First and foremost, we congratulate Senator-elect Sam Blakeslee on his victory in Tuesday’s special election. While it wasn’t unexpected — the results roughly mirrored the primary returns — the win nonetheless is a significant milestone in Blakeslee’s political career.
Now comes the hard part.
With a state budget 50 days overdue, the Republican lawmaker — along with his colleagues in the Legislature — must get to work plugging a $19 billion budget shortfall that grows by the day.
But the senator-elect doesn’t want to stop there.
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During the campaign, Blakeslee repeatedly committed to passing a budget with lasting reforms, including a spending cap and a “rainy-day” fund. He also called for reform of the tax code.
We believe Blakeslee was absolutely correct in gauging the public’s disgust with the way Sacramento has been doing business. His portrayal of his opponent, Democrat John Laird, as an irresponsible tax-and-spender may indeed have struck a nerve that helped send Blakeslee to office.
But now that the campaign is over, it’s time to put the partisan rhetoric aside in favor of a more reasoned, moderate approach.
We don’t expect — nor do we want — Blakeslee to turn his back on his Republican ideals, including fiscal conservatism. But if he is to have any success achieving his ambitious goal of lasting budget reform, that’s going to require compromise and strong bipartisanship.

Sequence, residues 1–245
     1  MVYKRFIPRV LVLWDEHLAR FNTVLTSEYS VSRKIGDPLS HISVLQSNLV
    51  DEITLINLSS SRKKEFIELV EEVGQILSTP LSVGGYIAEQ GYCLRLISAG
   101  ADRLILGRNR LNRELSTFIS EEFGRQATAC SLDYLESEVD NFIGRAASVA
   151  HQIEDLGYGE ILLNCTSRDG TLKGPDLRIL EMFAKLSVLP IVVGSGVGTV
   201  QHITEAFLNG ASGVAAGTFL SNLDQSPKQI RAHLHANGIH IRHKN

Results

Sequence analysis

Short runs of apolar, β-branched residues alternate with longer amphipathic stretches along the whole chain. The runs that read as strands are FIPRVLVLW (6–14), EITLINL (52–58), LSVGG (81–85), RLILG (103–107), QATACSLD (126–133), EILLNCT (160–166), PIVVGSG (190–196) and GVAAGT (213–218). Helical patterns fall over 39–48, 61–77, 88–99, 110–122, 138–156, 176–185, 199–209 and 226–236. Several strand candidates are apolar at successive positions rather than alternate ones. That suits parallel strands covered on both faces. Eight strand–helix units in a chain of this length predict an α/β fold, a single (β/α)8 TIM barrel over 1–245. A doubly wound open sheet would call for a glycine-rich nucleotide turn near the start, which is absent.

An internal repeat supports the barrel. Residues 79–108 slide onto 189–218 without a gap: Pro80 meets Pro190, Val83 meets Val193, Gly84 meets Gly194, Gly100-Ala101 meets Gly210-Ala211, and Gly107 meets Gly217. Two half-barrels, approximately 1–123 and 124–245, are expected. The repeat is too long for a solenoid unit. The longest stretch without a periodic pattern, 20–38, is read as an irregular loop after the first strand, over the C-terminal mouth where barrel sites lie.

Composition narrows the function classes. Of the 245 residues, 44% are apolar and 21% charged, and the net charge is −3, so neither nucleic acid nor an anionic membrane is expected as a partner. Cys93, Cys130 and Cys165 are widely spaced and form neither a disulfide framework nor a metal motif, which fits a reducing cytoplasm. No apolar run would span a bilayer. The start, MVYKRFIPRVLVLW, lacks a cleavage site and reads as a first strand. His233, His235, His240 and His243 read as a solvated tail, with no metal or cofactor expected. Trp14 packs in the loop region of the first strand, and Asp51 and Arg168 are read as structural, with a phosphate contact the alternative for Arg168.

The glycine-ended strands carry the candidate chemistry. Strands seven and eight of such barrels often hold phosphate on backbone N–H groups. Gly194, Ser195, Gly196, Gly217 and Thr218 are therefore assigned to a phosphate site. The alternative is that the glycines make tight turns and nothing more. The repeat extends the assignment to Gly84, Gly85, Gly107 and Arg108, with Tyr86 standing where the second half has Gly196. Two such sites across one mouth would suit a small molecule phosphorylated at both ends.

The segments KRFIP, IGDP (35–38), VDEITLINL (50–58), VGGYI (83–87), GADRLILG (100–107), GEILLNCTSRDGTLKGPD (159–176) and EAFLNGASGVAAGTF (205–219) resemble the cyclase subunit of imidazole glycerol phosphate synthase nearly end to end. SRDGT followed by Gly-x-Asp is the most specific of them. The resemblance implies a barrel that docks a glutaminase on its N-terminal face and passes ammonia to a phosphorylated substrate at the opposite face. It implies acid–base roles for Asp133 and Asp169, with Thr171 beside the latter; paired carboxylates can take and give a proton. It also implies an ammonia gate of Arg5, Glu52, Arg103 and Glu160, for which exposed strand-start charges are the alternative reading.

Coming off a highly negative campaign, it may be hard to envision Blakeslee now stepping into the role of bipartisan deal-broker, but he has been able to build consensus in the past.
We also find it encouraging that Blakeslee has backed off his inflexible “no new taxes” mantra of years past. The only pledge he makes now, he told us, is to make no more pledges.
That’s a sensible approach. While no one wants new taxes, the stubborn refusal by some Republicans to even consider that as an option has only contributed to the mess in Sacramento.
We agree with Blakeslee that genuine, lasting budget reform is long overdue in Sacramento — let’s hope our newly elected state senator can help deliver it.